Ever since these two cinematic franchises came into existence, the entire world has been torn into two halves – Marvel Cinematic Universe (MCU) and Detective Comics Extended Universe (DCEU).
Marvel manages to pull that string in your heart where you end up crying over a tree whereas DC gives its characters a certain amount of depth and a very well-knitted backstory which helps you empathize with the superheroes.
What makes the DC universe so unique and different is its larger-than-life, Olympian status. They are human beings with character nuances – something I can identify with regardless of their powers. To me movies weren’t about realism or intellectualism, they were about the magic of cinema, and seeing impossible larger-than-life heroes. The pure archetypal awesomeness that DC provides us with is a treat for the audience.
However, what fascinates me the most is Bruce Wayne – Batman. He’s arguably the greatest fictional creation of the 20th century – the personification of dark justice exemplified.
However, Matt Reeves’ new Batman movie has taken an angle that has never been thought of before.
Timeline Of The Batman Franchises
The first-ever Batman movie that came out was Adam West’s Batman in 1966 followed by Michael Keaton’s Batman in 1989. After an eight-year respite, it was going to take a rudimentary reconsideration of the story to bring the franchise back to life, and that’s exactly what Christopher Nolan did in this uncompromisingly dark and gritty origin story for the character – The Dark Knight trilogy starring Christian Bale in 2005.
For the rookies, Bruce Wayne is the dark prince of Gotham. His origin story finds him swearing vengeance against criminals after witnessing the murder of his parents Thomas and Martha, a vendetta tempered with the idea of justice.
He trains himself physically and intellectually, crafts a bat-inspired persona, and monitors the Gotham streets at night. The only person he trusts is his valet – Alfred.
However, what Matt Reeves has done with the new Batman (2022) is phenomenal.
How Matt Reeves’ Batman Is Different And Refreshing Than The Others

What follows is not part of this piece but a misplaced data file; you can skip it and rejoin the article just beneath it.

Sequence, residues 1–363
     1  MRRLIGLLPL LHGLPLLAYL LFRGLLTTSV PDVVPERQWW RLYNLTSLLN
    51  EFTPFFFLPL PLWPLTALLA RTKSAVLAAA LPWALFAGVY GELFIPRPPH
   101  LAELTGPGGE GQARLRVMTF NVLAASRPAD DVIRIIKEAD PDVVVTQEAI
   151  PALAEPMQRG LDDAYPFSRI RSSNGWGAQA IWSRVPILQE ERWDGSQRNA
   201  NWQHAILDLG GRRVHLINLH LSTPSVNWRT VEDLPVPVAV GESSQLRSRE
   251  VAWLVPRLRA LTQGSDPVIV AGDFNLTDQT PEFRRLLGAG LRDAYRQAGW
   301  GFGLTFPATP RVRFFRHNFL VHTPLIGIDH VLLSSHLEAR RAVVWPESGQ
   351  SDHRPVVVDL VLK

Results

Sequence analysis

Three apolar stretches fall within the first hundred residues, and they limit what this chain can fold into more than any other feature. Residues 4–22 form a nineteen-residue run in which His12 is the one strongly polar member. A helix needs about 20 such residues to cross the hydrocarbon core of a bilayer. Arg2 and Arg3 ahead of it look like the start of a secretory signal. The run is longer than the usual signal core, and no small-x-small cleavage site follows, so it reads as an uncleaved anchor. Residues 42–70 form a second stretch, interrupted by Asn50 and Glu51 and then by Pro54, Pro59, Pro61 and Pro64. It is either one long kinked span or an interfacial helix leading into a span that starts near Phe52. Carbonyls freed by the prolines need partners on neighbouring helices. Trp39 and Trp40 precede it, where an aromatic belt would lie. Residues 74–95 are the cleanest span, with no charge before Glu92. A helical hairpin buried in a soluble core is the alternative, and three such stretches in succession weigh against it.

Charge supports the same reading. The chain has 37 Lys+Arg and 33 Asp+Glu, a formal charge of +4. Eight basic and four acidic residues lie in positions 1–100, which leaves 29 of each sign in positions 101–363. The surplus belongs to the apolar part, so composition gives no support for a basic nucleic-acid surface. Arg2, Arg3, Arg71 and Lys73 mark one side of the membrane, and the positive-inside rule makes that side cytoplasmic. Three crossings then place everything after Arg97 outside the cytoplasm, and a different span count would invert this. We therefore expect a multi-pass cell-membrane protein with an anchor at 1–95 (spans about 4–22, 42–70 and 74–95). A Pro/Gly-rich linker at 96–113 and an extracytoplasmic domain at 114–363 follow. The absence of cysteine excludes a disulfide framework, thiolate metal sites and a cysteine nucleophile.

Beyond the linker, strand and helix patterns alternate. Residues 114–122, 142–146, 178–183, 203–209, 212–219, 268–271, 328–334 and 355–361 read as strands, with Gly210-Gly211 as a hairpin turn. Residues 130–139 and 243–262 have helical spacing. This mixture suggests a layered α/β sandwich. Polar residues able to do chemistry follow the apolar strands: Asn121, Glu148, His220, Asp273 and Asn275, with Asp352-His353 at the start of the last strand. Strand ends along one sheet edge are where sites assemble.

Matt Reeves’ Batman starring Robert Pattinson, was a reboot of the Batman franchise, after Zack Snyder’s Batman starring Ben Affleck, failed to please audiences and critics. Robert Pattinson was critically acclaimed by all for his performance in the movie but there was also a new feeling to this Batman.
For starters, this Batman opens with the fact that he is a nocturnal man. When we see him working in his Batcave, the dark circles under his eyes, his pale skin, and the shivering of his hands do not go unnoticed. He suffers from anxiety – something which most of us can relate to and his mind is always split into two with the bottom line being “trying to do the right thing.”
However, if we take a look at Michael Keaton, Ben Affleck, and Christian Bale’s Batman, the three of them are portrayed as philanthropic playboys who have inherited the fortune of their father and go about strutting with no fear whatsoever. These three Batman have been elevated to a God-like stature.
Another distinct difference that caught the audience by surprise was the fear in Robert Pattinson’s face when he was about to make the jump from a sky-high building. The fact that he was scared and nervous was palpable and the audience mirrored that feeling. However, the other Batman was shown jumping off of roofs, swinging from buildings without a care in the world like it was basic gymnastics.
What made this movie stand out for me was the way the Riddler kept hammering at Batman’s psyche. In this movie, the line between Bruce Wayne and Batman is blurry. It’s like the two personalities are leaking into each other to form one whole being. Everybody knows Bruce Wayne is the prince of Gotham but very few know what he looks like.
The last scene is the nail in the coffin which proves that this Batman is more human than any other. The stadium was flooding and people were trapped inside. In spite of the fear of losing his identity, he lit a flare and went in to help the people. This lighting of the flare is a symbol of hope that Robert Pattinson’s Batman brings and the audience basks in it.
Matt Reeves proves that maybe Batman is not only limited to being a symbol of vengeance and justice in its absolute totalitarian sense but he can also be the beacon of hope in the darkest of days.
Disclaimer: This article is fact-checked.
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This article is tagged under Batman, Matt Reeves’ Batman, Robert Pattinson, Christopher Nolan, Adam West, Michael Keaton, Ben Affleck, Christian Bale, symbol of vengeance and justice, humanistic and sympathetic, different, refreshing, anxious, nocturnal, philanthropic playboy, Bruce Wayne, prince of Gotham, beacon of hope
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